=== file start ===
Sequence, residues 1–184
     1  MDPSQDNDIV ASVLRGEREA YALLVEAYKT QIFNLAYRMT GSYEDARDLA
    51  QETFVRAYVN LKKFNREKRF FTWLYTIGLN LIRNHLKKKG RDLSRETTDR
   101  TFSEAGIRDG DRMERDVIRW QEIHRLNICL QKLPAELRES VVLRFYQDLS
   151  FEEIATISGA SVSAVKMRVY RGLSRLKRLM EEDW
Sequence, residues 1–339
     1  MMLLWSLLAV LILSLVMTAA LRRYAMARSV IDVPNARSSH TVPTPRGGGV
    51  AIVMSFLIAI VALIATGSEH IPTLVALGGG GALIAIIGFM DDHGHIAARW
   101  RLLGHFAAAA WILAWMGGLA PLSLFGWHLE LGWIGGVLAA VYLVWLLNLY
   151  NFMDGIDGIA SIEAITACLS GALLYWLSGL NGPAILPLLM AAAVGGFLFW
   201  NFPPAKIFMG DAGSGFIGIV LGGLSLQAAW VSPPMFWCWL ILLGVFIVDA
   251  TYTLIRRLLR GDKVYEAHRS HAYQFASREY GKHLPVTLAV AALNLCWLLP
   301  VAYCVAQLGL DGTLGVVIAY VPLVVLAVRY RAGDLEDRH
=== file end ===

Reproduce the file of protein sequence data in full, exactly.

Sequence, residues 1–184
     1  MDPSQDNDIV ASVLRGEREA YALLVEAYKT QIFNLAYRMT GSYEDARDLA
    51  QETFVRAYVN LKKFNREKRF FTWLYTIGLN LIRNHLKKKG RDLSRETTDR
   101  TFSEAGIRDG DRMERDVIRW QEIHRLNICL QKLPAELRES VVLRFYQDLS
   151  FEEIATISGA SVSAVKMRVY RGLSRLKRLM EEDW
Sequence, residues 1–339
     1  MMLLWSLLAV LILSLVMTAA LRRYAMARSV IDVPNARSSH TVPTPRGGGV
    51  AIVMSFLIAI VALIATGSEH IPTLVALGGG GALIAIIGFM DDHGHIAARW
   101  RLLGHFAAAA WILAWMGGLA PLSLFGWHLE LGWIGGVLAA VYLVWLLNLY
   151  NFMDGIDGIA SIEAITACLS GALLYWLSGL NGPAILPLLM AAAVGGFLFW
   201  NFPPAKIFMG DAGSGFIGIV LGGLSLQAAW VSPPMFWCWL ILLGVFIVDA
   251  TYTLIRRLLR GDKVYEAHRS HAYQFASREY GKHLPVTLAV AALNLCWLLP
   301  VAYCVAQLGL DGTLGVVIAY VPLVVLAVRY RAGDLEDRH